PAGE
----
Then there are Basic Members, who don’t know they are oligarchs at all. They see themselves as individual or small group actors, without general power but perhaps with some specific influence. This is having ‘contacts’, knowing powerful people who can get things done. They act in a scandalously self serving way, unaware or unwilling to be aware that their actions cast a cancerous pall over the prospects of our future. They are middle and upper income.
If the social fabric tears, they have the most to lose because they cannot succeed somewhere else where their mastery of chicanery will be of little use. Thus they are often privately outspoken, yet say little publicly, fearful of loss.
The Senior Oligarch is most dangerous, self serving and rare. This is the individual or family who by virtue of their class achieve a level of wealth and influence of which most citizens are completely unaware. They stay in the background. Unlike Basics, Seniors are fully aware of their position, and keep a very low profile. The puppets they manipulate are often politicians and people in the public sector, people eager for money and proximity. They don’t like tax.
The Senior Member has much to lose if things turn ugly here, but is well insulated by virtue of assets and holdings held abroad. This makes them free to step into the arena every so often, and then retreat again. It is little more than sport, and they can live without their local roles if they had to.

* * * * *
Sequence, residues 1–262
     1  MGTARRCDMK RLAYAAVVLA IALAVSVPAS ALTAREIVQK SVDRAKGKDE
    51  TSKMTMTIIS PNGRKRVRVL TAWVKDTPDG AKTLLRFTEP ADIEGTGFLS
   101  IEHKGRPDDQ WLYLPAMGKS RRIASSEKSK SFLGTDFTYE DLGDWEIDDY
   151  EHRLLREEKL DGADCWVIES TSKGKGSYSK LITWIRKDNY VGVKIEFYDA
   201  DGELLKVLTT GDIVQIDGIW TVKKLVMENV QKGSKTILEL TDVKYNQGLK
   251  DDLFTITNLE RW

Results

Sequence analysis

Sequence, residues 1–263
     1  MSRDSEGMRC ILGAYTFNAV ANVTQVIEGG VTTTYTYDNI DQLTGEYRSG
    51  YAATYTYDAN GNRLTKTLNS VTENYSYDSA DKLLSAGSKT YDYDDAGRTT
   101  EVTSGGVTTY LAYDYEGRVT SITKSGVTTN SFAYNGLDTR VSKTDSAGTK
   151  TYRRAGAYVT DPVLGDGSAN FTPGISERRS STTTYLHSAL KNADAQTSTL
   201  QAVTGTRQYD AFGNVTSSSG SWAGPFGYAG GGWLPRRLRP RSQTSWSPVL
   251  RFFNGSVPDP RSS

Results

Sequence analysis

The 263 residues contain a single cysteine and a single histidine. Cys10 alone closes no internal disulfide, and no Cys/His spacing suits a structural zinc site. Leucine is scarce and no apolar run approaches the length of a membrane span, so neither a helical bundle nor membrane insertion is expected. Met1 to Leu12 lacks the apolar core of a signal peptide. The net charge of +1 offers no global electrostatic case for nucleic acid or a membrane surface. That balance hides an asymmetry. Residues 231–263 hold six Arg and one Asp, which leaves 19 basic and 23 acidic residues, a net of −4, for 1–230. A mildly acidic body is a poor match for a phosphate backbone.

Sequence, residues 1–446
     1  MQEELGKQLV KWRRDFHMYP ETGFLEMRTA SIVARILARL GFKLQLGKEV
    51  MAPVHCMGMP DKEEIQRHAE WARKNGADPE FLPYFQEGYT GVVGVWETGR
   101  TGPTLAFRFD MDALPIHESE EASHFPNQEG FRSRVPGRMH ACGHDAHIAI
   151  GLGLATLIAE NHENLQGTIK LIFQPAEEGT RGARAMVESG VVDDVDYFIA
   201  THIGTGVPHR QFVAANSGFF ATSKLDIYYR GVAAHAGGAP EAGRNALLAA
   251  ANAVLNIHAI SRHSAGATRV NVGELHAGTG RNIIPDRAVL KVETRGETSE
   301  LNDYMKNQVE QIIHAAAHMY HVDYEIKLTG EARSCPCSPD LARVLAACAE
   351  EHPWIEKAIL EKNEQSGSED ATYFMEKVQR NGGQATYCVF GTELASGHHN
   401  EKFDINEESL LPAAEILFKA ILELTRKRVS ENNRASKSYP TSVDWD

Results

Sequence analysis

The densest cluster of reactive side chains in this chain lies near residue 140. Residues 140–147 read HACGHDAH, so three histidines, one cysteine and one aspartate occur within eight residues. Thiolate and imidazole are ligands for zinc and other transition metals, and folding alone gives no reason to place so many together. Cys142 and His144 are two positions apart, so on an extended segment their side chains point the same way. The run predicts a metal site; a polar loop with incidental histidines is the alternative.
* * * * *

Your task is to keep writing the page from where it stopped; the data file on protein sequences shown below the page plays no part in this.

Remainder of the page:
Senior Members govern from the shadows; Basic Members by positioning themselves in key sectors. Aspirant Members know little of these things, so confine themselves to the little rule-bendings which are individually innocent but collectively catastrophic to the ambitions of a just society. Most of the leadership of this society in politics, academia and business falls into one of these categories. These are the old plastic bottles that pollute our prospects.
Where will we find Parasites? Well, the oligarchy is in the very bedrock of the society, and the further in you go, the more apparent the benefits of membership becomes. This gives rise to two peculiar features not found in nature.